Dr. David Clark, DC Functional Neurologist explains how statin drugs might cause some cases of diabetes or make a person's diabetes worse.
I want to talk to you about the startling connection between statin drugs and the risk of diabetes.
Now if you didn't know, statin drugs are anti-cholesterol medications. There's Lipitor® and Zocor® and a bunch more.
Scientific information over this past year has shown that statin drugs increase the risk for "dysglycemia"--another word for diabetes, without actually saying diabetes.
Many people are given anti-cholesterol medication as some sort of cardiovascular protection. But -- in many people, the medication causes your glucose levels to go up.....Which does what?
Increases your risk for cardiovascular disease.
Researchers have completed meta analyses (studies of studies) and there's no way around it...
Statin drugs do increase blood glucose in a lot of people.
So now there's been some questioning of whether or not medical doctors should even be prescribing statin drugs for diabetics because it might be making diabetic patients worse--not better.
If you've seen my information on diabetes, then you know that I look at diabetes-- especially Type II diabetes-- as something much more complex than just saying, "Take insulin or take a cholesterol medication."
You've got to do some digging. Because diabetes means that your blood glucose is too high...you're probably insulin receptor resistant.
But, you can be insulin receptor resistant and have high glucose for many different reasons:
- High cortisol levels
- Mineral deficiencies
- Vitamin Deficiencies
- Overeating simple carbohydrates
- Poor neurological control of the pancreas
...to name a few.
In my opinion, the doctor you're seeing should be a health detective and determine what's causing YOUR diabetes.
For some people, believe it or not, it's something as simple as a poorly firing brain stem. If the brain stem does not fire at the appropriate rate, they don't get the right signals to their pancreas to tell them to secrete insulin in the right amount at the right time.
For some people the real problem is inflammation. They've got a GI infection...they've got an autoimmune condition or they've got a Vitamin D problem.
And for some people, they just need to quit eating crap foods.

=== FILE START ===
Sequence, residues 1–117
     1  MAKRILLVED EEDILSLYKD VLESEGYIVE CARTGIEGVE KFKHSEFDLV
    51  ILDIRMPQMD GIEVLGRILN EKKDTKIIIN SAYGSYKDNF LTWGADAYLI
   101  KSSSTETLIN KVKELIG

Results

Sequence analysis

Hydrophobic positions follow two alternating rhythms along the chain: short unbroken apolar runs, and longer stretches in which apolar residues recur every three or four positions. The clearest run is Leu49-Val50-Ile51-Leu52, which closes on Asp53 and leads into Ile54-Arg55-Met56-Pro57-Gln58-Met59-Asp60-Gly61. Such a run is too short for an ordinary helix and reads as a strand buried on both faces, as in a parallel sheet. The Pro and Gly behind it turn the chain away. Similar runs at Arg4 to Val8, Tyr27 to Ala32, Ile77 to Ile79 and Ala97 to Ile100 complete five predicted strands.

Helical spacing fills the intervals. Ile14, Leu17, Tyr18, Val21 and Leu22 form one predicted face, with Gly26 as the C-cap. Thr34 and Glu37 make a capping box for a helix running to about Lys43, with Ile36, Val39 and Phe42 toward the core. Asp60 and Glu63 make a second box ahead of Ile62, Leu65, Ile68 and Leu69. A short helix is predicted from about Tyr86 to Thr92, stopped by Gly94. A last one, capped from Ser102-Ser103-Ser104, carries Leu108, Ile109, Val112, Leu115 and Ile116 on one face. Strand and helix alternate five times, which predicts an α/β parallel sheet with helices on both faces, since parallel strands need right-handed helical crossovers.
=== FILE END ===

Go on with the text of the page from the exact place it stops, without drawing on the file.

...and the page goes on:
Some people they need to go off grains completely.
Those are all things that have to be figured out for each individual.
But from looking at this new research, many of these people don't benefit from statin drugs because of the blood sugar side effects.
There was a study called The Jupiter Study. They found out that when you take a statin drugs there was a 25 percent increased risk of developing "dysglycemia." They didn't really want to call it diabetes, so they use the term dysglycemia.
When you take high dose statin drugs it gets worse.
Exactly why does this happen? Side effects. These drugs are not supposed to necessarily have these side effects, but they do. All medications have side effects.
NOTE: The real drug trials happen when millions of people in America begin taking the drugs. The drug trials themselves are pretty laughable, in my opinion. The real real lab rats are you and me...your husband, your grandparents, when they take these drugs.. and THEN we find out what they do to people.
Now keep in mind, one of the other well known side effects of many cholesterol drugs (and it seems like once a year they're taking one of them off the market because of this) is that they cause joint pain and muscle pain. Why? The muscles start to die.
And how do statin drugs do that? It's all about energy.
Cholesterol medications primarily inhibit an enzyme that allows you to make cholesterol. Problem is--you need cholesterol.
Cholesterol is made into CoQ10 and all of your hormones. CoQ10 is what you use to to make ATP --- energy for all your cells. Every cell's got to have ATP to stay alive.
If I start robbing you of ATP, cells are going to get sick and start dying. This can show up as joint pain, muscle pain, after taking statin drugs. This is already a known side effect of statin drugs.
Now there's another side effect: statin drugs raise your blood glucose.
The bottom line is statin drugs have definite side effects.
My point about telling you this is always, always, always ask why.
Why is my blood sugar high? Why am I insulin resistant?
If you are not working with someone who can help you answer that question, then find someone. These medications are not as innocent and not as much of a cure-all as the TV ads would like you to believe.
The newest information shows that these things elevate your blood sugar and if you've got diabetes, it could actually be making your diabetic complications worse. They elevate your blood sugar, and elevated glucose is inflammatory.
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© 2012 David Clark. All Rights Reserved.
THE PLACE FOR ANSWERS
Dr. David Clark, DC
Functional Neurologist (FACFN)
Diplomate College of Clinical Nutrition
Board Certified Chiropractic Neurologist
Vestibular Rehab Specialist (ACNB)
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